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Braddock Mayor Calls on Governor to Pardon Councilman-Elect

By Jason Togyer
The Tube City Almanac
January 06, 2016
Posted in: McKeesport and Region News

Braddock mayor and Pennsylvania U.S. Senate candidate John Fetterman is the latest person to call on Gov. Tom Wolf to pardon McKeesport business owner Corry Sanders.

Sanders was elected to McKeesport city council in November, but the Allegheny County District Attorney's Office this week warned city officials that Sanders was ineligible to serve because he pleaded guilty in 1993 to two felony drug offenses.

"The voters of McKeesport have democratically chosen (Corry) Sanders to serve as their representative, and we should not let a drug conviction from a quarter-century ago block the will of the people," Fetterman said yesterday. "I call on Governor Wolf to issue a pardon for Mr. Sanders to give the people of McKeesport the democratic representative they voted for."

Fetterman said Sanders' inability to take his council seat --- despite a long track record of clean behavior, which includes service as a church deacon and in numerous responsible positions --- "represents so much about what is wrong with our broken system."

Fetterman is seeking the Democratic nomination for U.S. Senate in the May primary.

A drug conviction, Fetterman said, "should not banish one for life from fully participating in our democracy."

"But in this country, non-violent offenders are denied opportunities for the rest of their lives --- whether it’s being shut out of jobs or deprived of their fundamental rights," he said. "We can’t be surprised that so many end up back on drugs and back in prison."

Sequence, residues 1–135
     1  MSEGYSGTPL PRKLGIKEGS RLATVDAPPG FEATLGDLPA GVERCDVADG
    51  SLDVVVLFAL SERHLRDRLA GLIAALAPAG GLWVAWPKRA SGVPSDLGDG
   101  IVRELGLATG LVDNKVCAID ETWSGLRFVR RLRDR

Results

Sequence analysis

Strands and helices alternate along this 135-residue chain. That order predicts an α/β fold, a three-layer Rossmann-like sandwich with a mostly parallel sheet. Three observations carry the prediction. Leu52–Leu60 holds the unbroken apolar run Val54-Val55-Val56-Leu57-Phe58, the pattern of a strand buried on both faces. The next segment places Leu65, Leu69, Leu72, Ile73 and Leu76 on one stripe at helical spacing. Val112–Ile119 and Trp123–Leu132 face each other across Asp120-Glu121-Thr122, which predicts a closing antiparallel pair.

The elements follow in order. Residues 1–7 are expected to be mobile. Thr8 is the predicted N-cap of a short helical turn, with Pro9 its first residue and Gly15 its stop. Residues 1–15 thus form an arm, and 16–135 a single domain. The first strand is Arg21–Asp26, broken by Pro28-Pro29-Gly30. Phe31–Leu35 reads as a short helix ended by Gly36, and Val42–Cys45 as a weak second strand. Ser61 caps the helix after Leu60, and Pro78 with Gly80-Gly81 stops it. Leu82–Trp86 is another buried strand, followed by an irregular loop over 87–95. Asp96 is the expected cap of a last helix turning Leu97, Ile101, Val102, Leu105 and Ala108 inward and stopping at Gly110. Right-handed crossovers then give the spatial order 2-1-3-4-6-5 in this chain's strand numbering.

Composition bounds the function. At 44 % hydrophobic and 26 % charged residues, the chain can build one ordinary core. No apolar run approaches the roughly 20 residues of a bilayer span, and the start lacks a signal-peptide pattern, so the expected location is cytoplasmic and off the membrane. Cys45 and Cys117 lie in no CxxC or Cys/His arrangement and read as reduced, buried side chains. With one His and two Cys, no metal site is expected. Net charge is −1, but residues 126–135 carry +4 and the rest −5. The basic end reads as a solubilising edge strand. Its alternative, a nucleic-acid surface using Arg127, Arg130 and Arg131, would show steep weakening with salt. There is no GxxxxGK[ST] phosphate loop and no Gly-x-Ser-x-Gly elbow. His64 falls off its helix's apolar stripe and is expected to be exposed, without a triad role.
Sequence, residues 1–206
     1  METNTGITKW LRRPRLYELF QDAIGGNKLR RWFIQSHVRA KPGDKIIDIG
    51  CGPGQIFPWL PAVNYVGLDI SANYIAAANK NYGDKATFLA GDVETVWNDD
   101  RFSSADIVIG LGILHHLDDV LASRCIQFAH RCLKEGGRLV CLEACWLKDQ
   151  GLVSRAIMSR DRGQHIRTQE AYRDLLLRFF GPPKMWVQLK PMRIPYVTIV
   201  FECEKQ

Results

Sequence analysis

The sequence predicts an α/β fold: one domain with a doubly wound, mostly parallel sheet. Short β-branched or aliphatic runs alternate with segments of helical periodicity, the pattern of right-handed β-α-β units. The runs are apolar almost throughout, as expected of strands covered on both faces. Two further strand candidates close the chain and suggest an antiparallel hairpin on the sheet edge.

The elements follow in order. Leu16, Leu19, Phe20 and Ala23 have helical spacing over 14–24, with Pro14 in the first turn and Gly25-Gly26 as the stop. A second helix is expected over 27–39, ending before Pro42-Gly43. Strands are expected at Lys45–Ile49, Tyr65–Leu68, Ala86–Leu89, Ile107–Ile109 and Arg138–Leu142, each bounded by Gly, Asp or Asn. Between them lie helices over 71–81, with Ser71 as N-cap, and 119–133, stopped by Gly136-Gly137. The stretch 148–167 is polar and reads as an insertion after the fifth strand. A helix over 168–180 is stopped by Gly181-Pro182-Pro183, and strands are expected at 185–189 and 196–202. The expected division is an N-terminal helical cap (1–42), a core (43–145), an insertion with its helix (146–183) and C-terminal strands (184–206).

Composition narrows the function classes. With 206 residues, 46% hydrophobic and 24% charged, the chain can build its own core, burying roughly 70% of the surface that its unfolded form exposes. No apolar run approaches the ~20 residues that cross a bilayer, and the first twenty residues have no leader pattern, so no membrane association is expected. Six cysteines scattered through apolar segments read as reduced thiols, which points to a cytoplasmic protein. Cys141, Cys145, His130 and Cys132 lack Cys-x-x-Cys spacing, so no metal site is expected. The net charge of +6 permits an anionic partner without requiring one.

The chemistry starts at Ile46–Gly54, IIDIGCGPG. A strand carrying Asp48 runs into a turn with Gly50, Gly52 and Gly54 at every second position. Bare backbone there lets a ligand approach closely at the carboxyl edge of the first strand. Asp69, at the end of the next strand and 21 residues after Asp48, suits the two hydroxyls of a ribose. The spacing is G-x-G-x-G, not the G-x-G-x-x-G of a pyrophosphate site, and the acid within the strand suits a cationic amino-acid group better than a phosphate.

"The war on drugs is more than just a failure," Fetterman said. "It’s a national disgrace. And we won’t be able to fix it until we stop looking at addiction as a crime and start treating it like a disease."

Sanders has retained Westmoreland County attorney Rachel Morocco to represent him before the state Board of Pardons.

The Tribune-Review reported yesterday that the pardons process is lengthy; reporter Matthew Santoni noted "it can take up to six months to get a complete criminal history from the state, two years to get a visit from a state parole agent for interviews, and a year before a case gets to the five-member pardons board for a recommendation to the governor."

Santoni quoted a Lawrence County minister who was elected to New Castle City Council in 2011 but was blocked from taking his seat because of a 2002 felony drug conviction. The minister, Gary Mitchell, was denied a pardon by then-Gov. Tom Corbett. “The courts will not wait, and the pardons board will not expedite,” Mitchell told Santoni.

Originally published January 06, 2016.

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